Homabay leads the pack with a 15.2 per cent increase, while Kisumu, Siaya, Migori, Mombasa and Kisii registered (14.5, 13.2, 9.7, 4.6, 4.4 per cent) respectively.

The 2023 World AIDS Day theme of ‘Let Communities Lead’ is an urgent call to action urging communities, to put renewed vigour in the fight against AIDS.

Consequently, this will speed-up the attainment of the 95.95.95 HIV treatment target and put to an end AIDS, as a public health menace in line with the 2030 Sustainable Development Agenda.

However, according to Opiyo, the 95.95.95 WHO set goals are aimed at achieving 95 per cent of People Living with HIV, knowing their status, 95 per cent of diagnosed individuals put on Antiretroviral Therapy (ART), and 95 per cent of those on ART achieving Viral Suppression by 2025.

In 1987 when Lingala Rhumba Maestro, Franco Luambo Luanzo Makiadi, belted his timeless song Attention Na Sida, his simple message was telling people to repent or perish from the deadly virus.

After establishing his HIV status, Opiyo quit his job as a mechanic, took a cue from Franco and became one of the most passionate peer counsellors.

He developed a positive mind and joined the LVCT facility-led Ushirika Ni Mwema Support Group, where he also takes his drugs in Kisumu.

“I was concerned about the future of my family but remained naïve about issues relating to HIV. I became overzealous and determined to know more about it. During our group discussions, we shared our personal experiences, encouraged and got insightful tips on how to live with the virus from the health experts,’’ he said.

Opiyo added that he came to realize that he was not the only one living with the virus. Of great significance, the peer counsellor who resides in Nyalenda Informal settlement, revealed that the group was specifically for HIV-positive couples.

Having read numerous HIV-related articles and attended training sessions as a volunteer at the LVCT, he earned some stipends, which kept him going and through concerted savings enrolled to become an Adherence Counsellor in 2008.

Armed with new ideas to fight the menace, he formed an online support group known as ‘Pillars of Hope’ whose membership is at 100.

They deal mostly with advocacy and awareness creation engage in socio-economic activities like Table Banking and merry- Go- Rounds and help each other celebrate their birthdays.

Opiyo avers that they want to give HIV a human face, so that people know that it’s something normal like any other disease and not a death sentence, as many have come to believe. He encourages those who have high viral loads, to have it suppressed.

“At one point, we had a member who had Two million copies of the Viral Load, which was quite extreme. After enlisting her as our member, we encouraged and gave her vital survival tips. The good news is that the load now stands at 1,000, as we highly hope that the next test will result in zero,’’ he reassured.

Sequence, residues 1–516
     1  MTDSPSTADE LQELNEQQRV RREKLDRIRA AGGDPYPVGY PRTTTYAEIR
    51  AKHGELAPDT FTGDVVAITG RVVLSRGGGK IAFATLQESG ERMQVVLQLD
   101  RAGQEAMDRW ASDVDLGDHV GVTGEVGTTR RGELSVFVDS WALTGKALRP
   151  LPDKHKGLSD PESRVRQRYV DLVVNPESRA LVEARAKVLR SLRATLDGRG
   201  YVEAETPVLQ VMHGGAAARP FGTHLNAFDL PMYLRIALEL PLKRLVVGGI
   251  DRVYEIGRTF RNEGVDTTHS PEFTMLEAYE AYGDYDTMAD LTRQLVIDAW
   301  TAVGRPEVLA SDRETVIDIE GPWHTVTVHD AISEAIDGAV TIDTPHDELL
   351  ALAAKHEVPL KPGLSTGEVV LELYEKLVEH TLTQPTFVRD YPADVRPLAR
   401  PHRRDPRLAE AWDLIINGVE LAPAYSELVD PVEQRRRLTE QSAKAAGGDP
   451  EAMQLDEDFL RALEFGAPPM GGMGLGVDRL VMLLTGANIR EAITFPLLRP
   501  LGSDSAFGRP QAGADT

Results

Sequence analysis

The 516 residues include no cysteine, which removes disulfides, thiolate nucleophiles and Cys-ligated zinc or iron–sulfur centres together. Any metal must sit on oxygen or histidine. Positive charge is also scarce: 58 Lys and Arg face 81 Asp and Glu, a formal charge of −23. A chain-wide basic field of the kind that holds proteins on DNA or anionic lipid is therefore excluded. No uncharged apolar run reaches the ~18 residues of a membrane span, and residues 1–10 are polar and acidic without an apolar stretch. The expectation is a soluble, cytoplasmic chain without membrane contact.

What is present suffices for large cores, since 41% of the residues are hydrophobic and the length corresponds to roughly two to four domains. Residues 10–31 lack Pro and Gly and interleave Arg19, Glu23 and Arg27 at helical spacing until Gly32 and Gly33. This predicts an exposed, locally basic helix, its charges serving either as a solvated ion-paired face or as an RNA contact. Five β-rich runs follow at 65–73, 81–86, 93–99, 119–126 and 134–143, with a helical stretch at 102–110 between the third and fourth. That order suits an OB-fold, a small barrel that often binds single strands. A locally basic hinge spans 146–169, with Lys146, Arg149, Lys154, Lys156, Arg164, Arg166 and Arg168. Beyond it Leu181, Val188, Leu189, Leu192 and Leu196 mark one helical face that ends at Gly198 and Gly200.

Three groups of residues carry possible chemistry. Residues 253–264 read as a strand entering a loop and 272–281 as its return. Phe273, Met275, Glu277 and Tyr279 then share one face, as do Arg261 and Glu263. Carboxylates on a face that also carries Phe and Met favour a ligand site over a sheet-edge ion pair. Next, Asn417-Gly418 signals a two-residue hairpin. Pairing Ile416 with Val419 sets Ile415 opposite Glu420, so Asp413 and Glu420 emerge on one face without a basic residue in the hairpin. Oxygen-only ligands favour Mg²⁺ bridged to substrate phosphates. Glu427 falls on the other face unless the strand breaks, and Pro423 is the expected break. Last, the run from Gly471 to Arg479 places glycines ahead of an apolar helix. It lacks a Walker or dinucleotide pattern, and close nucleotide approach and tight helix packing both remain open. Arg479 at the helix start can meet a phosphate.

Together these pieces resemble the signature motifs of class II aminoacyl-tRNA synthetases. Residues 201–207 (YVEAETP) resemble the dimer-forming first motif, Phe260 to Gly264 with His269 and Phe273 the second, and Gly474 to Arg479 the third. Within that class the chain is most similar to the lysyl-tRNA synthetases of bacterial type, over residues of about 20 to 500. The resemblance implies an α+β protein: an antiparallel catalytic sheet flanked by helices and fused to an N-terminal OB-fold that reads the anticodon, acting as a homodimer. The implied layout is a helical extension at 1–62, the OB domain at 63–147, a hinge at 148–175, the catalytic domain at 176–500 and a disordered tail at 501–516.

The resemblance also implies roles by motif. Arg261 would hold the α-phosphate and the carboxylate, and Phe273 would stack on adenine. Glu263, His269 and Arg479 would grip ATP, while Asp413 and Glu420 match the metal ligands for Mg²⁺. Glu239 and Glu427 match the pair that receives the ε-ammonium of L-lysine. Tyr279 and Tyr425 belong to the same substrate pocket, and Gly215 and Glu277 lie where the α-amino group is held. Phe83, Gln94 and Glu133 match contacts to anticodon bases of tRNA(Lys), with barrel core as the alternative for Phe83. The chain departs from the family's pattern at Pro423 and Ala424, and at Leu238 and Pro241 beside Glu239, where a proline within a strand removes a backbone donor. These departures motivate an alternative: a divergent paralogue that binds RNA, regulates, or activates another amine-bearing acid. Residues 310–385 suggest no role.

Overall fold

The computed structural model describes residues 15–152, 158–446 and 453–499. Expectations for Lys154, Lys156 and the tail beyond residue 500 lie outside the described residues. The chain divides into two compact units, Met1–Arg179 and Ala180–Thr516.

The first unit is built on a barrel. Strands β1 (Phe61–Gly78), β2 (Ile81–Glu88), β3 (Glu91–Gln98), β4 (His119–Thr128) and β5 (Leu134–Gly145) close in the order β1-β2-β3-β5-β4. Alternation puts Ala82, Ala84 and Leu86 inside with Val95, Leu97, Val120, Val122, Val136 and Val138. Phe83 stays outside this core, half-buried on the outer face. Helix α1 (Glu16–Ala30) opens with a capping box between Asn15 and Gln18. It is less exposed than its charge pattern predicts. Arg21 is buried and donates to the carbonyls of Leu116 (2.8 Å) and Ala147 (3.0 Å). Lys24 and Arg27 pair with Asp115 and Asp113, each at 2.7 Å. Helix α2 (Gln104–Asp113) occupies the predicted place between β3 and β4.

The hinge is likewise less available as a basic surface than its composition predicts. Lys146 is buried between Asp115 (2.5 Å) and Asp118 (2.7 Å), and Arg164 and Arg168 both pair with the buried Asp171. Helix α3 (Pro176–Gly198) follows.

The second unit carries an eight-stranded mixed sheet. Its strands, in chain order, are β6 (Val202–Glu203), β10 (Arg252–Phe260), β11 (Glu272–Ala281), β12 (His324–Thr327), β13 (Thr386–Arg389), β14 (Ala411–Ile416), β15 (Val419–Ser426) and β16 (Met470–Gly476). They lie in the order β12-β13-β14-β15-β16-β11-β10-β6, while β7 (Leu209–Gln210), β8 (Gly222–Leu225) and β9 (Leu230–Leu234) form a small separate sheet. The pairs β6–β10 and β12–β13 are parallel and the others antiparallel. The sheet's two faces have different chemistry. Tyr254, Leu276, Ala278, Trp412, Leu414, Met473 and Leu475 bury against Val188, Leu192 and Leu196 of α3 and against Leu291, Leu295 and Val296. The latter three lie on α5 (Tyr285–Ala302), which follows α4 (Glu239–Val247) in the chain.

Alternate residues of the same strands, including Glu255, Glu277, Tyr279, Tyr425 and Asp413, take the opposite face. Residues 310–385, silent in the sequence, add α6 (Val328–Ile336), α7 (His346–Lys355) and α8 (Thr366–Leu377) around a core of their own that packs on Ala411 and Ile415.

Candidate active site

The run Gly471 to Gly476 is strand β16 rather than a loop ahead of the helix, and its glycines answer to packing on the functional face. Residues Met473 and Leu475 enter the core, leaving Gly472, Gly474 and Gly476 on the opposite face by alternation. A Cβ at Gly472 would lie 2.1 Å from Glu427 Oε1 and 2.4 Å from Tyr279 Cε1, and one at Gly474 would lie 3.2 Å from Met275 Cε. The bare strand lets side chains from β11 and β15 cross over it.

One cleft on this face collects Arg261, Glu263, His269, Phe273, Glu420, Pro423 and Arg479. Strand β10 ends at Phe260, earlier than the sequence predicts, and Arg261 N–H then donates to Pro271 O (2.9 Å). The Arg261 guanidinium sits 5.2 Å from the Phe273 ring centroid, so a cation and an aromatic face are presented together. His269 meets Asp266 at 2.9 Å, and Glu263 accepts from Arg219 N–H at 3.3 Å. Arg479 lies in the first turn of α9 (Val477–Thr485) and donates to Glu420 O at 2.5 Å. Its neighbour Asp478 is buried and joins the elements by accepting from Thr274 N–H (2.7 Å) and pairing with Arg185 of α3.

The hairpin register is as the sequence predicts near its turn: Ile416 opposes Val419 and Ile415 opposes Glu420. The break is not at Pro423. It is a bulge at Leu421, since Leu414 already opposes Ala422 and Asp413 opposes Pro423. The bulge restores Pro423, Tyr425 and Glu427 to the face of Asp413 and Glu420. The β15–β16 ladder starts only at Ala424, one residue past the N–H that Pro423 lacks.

Similarly, the registered organization has a monthly welfare contribution of Sh 100, which goes to cater for emergency needs.

He confirmed that when a registered member dies, they contribute Sh 1,000, while a member’s child and sickness are pegged at Sh 200, respectively.

By January, 2024, the group has so far focused on turning it into a Community-Based Organization (CBO) to be able to source for financial support.

Emboldened by these success stories, they went further to create the HIV Positive Minglers Kenya (Facebook account) in 2014.

The online group, in his view, was formed to help those who are positive easily mingle and get partners for marriage since this was a major challenge for them.

“It’s a private platform strictly for only those who are living with HIV. Currently, we have 30,000 worldwide followers and counting,’’ Opiyo said with a broad smile, “and have since devolved it to the county levels to facilitate their interactions.

The noble initiative has borne so many fruits, seeing the First Minglers wedding conducted in 2016, partnerships soaring, and planning for Couples Dinner during festive seasons. One of the sticky challenges he worryingly observed is that, unlike before, there is a lack of thorough Treatment Literacy and Comprehensive Care before one is placed on ARV drugs.

“Nowadays, in most places, people are just being tested, and someone just dumps drugs in front of them. At that time, they were in a total emotional and physical wreck. Tough questions are still ringing in their minds, like; How did I get this virus? Why me? They need to be told professionally why they are supposed to take those drugs,’’ Opiyo lamented.

This, however, leads to so many defaulters who end up throwing away the drugs because they have not accepted their status. Other issues include the inability to register members for the National Health Insurance Fund (NHIF), and drugs stock out. “A patient is given drugs for only one week, asked to wait for a new supply or referred to another hospital to beg for drugs to save your life. In some circumstances, you have to travel long distances in search of it,’’ he decried the situation.

He advised that one’s liver condition should be tested before they are prescribed the 3-in-1 ARV drugs (Genetamovir, Lamivudine and Tenofovir), which can develop serious side effects in some people. Alternatively, Opiyo suggests that to address liver problems, one can be offered drugs such as Abacavir or Zidovudine, and the patient should go for annual liver condition tests.

Opiyo offered tangible insights on Undetectable Equals Untransmittable (U=U); “It indicates that you have taken drugs- up to a level whereby your viral load is zero or LDL (Low Levels Detectable), you can’t sexually transmit the virus to others. Like right now I am undetectable, and even a breastfeeding mother, can’t transmit it to her child.”

“HIV is not a moral issue, but a virus, for it can infect anyone as it doesn’t choose regardless of one’s class, race or religion. So, being positive is not the end of life, but it’s a beginning. Just accept the condition, there is no reverse gear and earnestly start taking your drugs, to lead a normal life. Join support groups as a motivation and share your experiences,’’ he appealed.

By Rolex Omondi and Joseph Ouma